I’m surprised the media including on the internet is slow to cover this. Rumor has it POF is on the case to rectify it 😉

    #90629 Reply
    Avatar tex 
    Participant
    Status: Physician
    Posts: 140
    Joined: 01/11/2016

    Ok, and the highest possible tax savings for a physician from this deduction is about $15,000?

    Click to expand…

    Yup you got it now. $15,120 to be exact.

    I’m surprised the media including on the internet is slow to cover this. Rumor has it POF is on the case to rectify it

    Click to expand…

     

    Sorry for the newbie tax question coming from somebody who’s never worked as an independent contractor: let’s say as married IC you could hit exactly 315k taxable income and set yourself up as a pass-through entity. How does the increase in self-employment taxes vs W2 compare with the new 15k deduction? I know you can deduct 1/2 of SE taxes… just confused

    I imagine lots of W2 docs are wondering if all else being equal (for simplicity’s sake) what the pass through deduction means if you switch from W2 to 1099

    #90657 Reply
    Avatar beagler 
    Participant
    Status: Physician
    Posts: 273
    Joined: 07/08/2017

    To show the math:
    315000 x 20% x .24= 15120

    Assumes business income w2 plus s Corp shareholder draw/ distribution of 315000. Then 20% deduction on marginal 24% tax rate.

    Are you sure business income is w2 wage plus draw and not just the draw? If so great for s-corps under 315k

    Solo Internist, Midwest

    #90707 Reply
    Avatar Caligas 
    Participant
    Status: Physician
    Posts: 68
    Joined: 12/19/2017

    Anyone figured out how the AMT will play into this pass through deduction issue?

    #90708 Reply
    Avatar beagler 
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    Status: Physician
    Posts: 273
    Joined: 07/08/2017

    Kitces says:

    “In addition, Qualified Business Income (eligible for the deduction) does not include “reasonable compensation” to an S corporation owner-employee (which, similar to the rules for FICA taxes on S corp owner-employees, prevents them from under-paying themselves on salary “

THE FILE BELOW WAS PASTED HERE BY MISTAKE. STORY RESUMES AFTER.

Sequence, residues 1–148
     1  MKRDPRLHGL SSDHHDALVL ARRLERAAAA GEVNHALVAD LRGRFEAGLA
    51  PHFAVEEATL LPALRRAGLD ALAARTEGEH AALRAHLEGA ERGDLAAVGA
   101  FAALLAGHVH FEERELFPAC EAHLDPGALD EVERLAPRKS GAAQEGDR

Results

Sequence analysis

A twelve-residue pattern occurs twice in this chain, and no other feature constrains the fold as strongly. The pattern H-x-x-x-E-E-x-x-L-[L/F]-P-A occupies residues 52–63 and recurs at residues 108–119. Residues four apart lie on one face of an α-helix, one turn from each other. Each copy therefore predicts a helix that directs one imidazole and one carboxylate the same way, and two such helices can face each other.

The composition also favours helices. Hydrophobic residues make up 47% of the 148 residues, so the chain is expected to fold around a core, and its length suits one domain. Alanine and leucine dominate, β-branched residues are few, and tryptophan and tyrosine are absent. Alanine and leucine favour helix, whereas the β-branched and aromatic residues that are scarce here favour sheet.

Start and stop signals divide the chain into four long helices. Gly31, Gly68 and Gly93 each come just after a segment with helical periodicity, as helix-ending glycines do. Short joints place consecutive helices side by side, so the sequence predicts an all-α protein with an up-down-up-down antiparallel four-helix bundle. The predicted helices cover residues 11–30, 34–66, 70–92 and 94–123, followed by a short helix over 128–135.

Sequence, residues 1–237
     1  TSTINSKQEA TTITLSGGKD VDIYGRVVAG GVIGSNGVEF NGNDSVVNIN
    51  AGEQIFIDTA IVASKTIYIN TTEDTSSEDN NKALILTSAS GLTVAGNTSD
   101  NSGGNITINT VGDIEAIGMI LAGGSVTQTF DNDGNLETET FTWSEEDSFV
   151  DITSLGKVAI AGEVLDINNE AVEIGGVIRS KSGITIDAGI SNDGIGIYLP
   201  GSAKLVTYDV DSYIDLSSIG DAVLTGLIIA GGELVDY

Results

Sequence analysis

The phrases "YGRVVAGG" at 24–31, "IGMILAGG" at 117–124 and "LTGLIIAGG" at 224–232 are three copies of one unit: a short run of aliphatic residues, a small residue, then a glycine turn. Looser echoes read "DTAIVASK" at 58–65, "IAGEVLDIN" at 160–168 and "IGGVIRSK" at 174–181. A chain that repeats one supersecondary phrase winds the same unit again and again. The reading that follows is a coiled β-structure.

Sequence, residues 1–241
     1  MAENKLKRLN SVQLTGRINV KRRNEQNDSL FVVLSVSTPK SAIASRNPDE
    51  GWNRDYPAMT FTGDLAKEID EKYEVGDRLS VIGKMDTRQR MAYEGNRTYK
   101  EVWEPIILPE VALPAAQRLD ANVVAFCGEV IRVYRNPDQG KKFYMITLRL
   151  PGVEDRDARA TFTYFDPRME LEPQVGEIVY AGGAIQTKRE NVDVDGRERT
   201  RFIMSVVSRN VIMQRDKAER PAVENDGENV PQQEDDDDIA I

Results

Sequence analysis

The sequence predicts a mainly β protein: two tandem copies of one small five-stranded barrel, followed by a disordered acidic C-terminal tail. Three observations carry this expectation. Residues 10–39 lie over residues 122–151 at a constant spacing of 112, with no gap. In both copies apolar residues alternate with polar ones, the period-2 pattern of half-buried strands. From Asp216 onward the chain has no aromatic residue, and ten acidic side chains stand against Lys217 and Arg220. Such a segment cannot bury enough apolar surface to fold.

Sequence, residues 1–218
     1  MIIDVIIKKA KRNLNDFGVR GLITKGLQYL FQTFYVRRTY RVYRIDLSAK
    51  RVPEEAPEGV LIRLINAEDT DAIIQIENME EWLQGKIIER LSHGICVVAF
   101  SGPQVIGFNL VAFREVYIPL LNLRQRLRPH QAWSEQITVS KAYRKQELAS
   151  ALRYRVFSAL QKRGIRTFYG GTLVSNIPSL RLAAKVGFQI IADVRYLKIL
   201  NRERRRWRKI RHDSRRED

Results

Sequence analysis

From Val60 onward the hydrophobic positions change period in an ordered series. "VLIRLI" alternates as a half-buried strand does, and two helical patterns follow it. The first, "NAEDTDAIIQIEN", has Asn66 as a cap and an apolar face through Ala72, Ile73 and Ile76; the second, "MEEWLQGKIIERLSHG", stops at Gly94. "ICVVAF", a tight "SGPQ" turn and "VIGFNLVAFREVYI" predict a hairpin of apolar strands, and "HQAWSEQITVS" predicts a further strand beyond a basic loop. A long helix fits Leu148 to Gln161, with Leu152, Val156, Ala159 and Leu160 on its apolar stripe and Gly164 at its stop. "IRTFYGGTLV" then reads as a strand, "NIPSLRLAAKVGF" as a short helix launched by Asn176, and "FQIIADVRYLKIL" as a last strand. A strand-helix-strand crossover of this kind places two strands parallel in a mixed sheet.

Sounds like w2 salary for s-Corp owner employee not deductible?

    If the AMT kicks in for large pass through deduction how much would it negate the benefit? Someone do the crazy math! Ugh.

    Solo Internist, Midwest

    #90726 Reply
    Liked by Dr. Mom
    Avatar beagler 
    Participant
    Status: Physician
    Posts: 273
    Joined: 07/08/2017

    Page 32 of the bill says qualified business income does not inculde reasonable payment for services rendered.

    I read that as owner w2 salary not deductible. ;(

    Solo Internist, Midwest

    #90730 Reply
    Liked by Dr. Mom
    Avatar docnews 
    Participant
    Status: Physician
    Posts: 412
    Joined: 01/09/2016

    Kitces says:

    “In addition, Qualified Business Income (eligible for the deduction) does not include “reasonable compensation” to an S corporation owner-employee (which, similar to the rules for FICA taxes on S corp owner-employees, prevents them from under-paying themselves on salary “

    Sounds like w2 salary for s-Corp owner employee not deductible?

    If the AMT kicks in for large pass through deduction how much would it negate the benefit? Someone do the crazy math! Ugh.

    Click to expand…

    Kitces: “Notably, though, these wage limits to the QBI deduction apply only if the taxpayer’s own taxable income (not AGI, but taxable income after deductions) exceeds a threshold of $157,500 for individuals or $315,000 for married couples … Similar to the W-2 wage limits, the specified service business limit will only apply to those whose taxable income exceeds the thresholds ($157,500 for individuals, and $315,000 for married couples).”

    #90742 Reply
    Avatar beagler 
    Participant
    Status: Physician
    Posts: 273
    Joined: 07/08/2017

    How sure are you? Here’s another interpretation:

    Section 199A Qualified Business Income Deduction: Big Savings for Small Businesses

    I read Kitces as saying limitation for over 315k applies to 50% w2 but not to definition of qualified business income.

    The bill say lesser of combined qualified business income (draw?) or 20% of taxable income ( profit or total income?) But who knows it is dense legalese. I hope you’re right and s Corp w2 is deductible, but seems unclear.

    Solo Internist, Midwest

    #90769 Reply
    Liked by Dr. Mom